David's New Book

Wednesday, July 19, 2017

Antibiotics - Incentives Meet Reality

There are many important developments occurring on the antibiotics front. Progress in regulation, especially by the FDA, continues. Push incentives are gaining even more steam. GARDP recently announced an agreement to pursue a novel therapy for Neisseria gonorrhea infection. But I am staying focused like a laser on the issue of pull incentives because I consider this our greatest and most urgent challenge.

Recent data suggests that recently approved antibiotics are not earning anything like the kind of revenues that new products in other domains such as neuroscience (multiple sclerosis, Alzheimer’s) or oncology currently garner. $80 million per year seems good for these new antibiotics. According to the Boston Consulting Group's report for the GUARD initiative, for recent antibiotic launches, the net present value projected over 10 years is estimated at minus $500 to minus $100 million.  This compares to minus $450 million to plus $8.2 billion for recently launched oncology products. Obviously, for antibiotics, this makes no commercial sense. 

DRIVE AB, an effort funded by the Innovative Medicines Initiative – an effort jointly funded by the European Commission and the European pharmaceutical industry, just published a commentary in Lancet Infectious Diseases (subscription required – why??!! – sorry) where they provide a hint as to what will be appearing in their final report.  The final report is expected sometime around September this year. The commentary, published a week ago, is in the form of an open letter to the G20, whose meeting recently ended. They suggest a market entry award that is fully or partially “de-linked” (from marketing requirements) in the amount of $500 million to $2 billion paid out over 5 years would be a sufficient pull incentive.  The range exists because they would deduct any research and development funding the company had received for the product prior to launch.  There could also be deductions (or rewards) depending on the innovativeness of the new compound or how well it fits into current medical need priorities.  They promise that their full report will provide a rationale for this. I’m not sure that anything less than $1B will work under any circumstances – but that’s just me.

In their open letter, DRIVE AB asks the G20 to establish market entry reward trial programs or pilots to better understand how different models would work on implementation.  I’m at a loss to see how one could set up a “pilot.”  I think you would have to fully fund several different programs to see which one would attract the most or best candidates or which one would best motivate the industry to remain in or restart antibiotic research. But we await Drive AB’s final report here.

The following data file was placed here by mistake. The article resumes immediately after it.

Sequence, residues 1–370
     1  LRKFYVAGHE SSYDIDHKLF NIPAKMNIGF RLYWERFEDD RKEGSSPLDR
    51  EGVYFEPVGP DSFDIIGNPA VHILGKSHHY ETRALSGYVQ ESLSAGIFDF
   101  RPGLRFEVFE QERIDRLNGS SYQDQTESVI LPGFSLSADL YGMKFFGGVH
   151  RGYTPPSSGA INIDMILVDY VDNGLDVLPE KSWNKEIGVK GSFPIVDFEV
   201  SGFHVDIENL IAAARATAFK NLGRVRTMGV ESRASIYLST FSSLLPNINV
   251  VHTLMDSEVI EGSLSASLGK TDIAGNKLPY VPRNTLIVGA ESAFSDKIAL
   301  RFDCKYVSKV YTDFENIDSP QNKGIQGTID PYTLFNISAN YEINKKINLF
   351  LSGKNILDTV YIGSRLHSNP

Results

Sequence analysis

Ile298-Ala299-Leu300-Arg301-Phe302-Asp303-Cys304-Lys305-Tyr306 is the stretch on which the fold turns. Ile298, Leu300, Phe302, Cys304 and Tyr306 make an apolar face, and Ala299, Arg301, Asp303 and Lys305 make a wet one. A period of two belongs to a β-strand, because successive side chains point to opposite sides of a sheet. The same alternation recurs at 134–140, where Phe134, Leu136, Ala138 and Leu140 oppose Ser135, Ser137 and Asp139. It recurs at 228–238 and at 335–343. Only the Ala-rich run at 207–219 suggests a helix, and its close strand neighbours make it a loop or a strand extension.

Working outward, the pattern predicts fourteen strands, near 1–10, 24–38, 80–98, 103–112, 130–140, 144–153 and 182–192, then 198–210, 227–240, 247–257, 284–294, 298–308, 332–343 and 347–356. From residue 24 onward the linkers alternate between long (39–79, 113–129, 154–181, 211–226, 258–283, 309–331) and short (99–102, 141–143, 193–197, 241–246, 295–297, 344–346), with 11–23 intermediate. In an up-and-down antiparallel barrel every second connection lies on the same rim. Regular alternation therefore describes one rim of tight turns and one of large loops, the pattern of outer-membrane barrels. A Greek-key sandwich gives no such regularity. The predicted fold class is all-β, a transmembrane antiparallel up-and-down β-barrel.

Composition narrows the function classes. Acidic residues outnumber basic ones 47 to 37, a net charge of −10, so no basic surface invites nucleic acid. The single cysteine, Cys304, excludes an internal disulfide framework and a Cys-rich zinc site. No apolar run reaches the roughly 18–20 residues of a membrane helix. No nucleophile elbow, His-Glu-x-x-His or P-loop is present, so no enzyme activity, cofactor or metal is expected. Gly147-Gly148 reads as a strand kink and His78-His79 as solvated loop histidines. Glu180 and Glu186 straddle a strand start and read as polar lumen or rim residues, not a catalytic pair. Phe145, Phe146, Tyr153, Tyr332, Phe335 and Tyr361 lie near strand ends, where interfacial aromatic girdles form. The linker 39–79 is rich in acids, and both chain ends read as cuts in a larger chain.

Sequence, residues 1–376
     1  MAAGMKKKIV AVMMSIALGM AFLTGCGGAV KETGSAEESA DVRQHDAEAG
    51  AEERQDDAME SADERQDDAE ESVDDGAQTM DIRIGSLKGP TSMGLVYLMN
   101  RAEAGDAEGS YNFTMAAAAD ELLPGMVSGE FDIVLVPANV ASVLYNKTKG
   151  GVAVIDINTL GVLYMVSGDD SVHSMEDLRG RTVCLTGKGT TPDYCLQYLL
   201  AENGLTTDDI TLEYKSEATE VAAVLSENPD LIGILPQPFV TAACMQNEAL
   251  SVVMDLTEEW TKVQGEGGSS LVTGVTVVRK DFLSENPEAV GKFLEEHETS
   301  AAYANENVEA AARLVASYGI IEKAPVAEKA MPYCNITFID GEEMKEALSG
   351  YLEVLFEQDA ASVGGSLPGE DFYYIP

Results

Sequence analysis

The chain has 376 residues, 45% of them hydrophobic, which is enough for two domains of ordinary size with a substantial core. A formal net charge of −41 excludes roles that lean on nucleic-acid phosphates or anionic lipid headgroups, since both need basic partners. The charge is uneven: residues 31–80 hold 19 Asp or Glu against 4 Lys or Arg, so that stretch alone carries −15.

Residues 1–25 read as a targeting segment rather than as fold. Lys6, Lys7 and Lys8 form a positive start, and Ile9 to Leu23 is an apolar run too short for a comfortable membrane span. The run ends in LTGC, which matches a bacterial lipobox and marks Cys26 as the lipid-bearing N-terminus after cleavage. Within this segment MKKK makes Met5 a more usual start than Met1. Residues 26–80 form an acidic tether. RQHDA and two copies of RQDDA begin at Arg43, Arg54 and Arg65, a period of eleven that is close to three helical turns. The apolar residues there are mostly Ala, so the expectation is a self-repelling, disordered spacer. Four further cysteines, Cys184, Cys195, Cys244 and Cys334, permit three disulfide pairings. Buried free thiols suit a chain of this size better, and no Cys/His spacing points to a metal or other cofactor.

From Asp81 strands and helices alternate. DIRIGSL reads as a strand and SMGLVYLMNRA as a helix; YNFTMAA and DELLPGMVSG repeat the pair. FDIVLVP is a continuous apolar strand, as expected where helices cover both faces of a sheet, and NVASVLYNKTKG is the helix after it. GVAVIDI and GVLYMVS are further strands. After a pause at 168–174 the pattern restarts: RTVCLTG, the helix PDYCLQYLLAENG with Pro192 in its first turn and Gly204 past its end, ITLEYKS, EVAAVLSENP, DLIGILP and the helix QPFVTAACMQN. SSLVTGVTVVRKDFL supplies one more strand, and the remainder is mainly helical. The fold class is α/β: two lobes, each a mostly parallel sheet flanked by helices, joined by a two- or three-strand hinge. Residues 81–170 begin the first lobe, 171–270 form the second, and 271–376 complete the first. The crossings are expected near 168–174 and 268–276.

The G20’s response on pull incentives (page 8)? - 
 
Concurrently, in collaboration with relevant experts including from the OECD and the WHO, we will further examine practical market incentive options.

It seems like the G20 will fall back on the “we need more studies” response that was enshrined in the plan recently released by the European Commission (see my last blog). I guess that was predictable.

But here is the problem. Given the persistent market failure as documented by sluggish sales of new antibiotics that are active against resistant pathogens, pharmaceutical companies that are still active in antibiotic research are surely having second thoughts. We may see more departures. Investors, seeing this market failure, are going to become more reticent again after a recent resurgence of interest fueled by optimism regarding both push and pull incentives. 

We need to act now.  Not in ten years.  Lets not wait for another global pandemic such as the one we experienced with MRSA. Please. I ask all of you to write your representatives in government.  In Europe – this means your parliamentarians, your executives, your health authorities, and anyone else you can imagine. In the US – talk to your representatives, your senators, Tom Price at HHS. Let’s get the Infectious Diseases Society even more active than they already are. Let’s start publishing our own open letters that speak to the urgency of this issue.


We need to start drowning our governments with our sense of urgency here before we fall further into the abyss.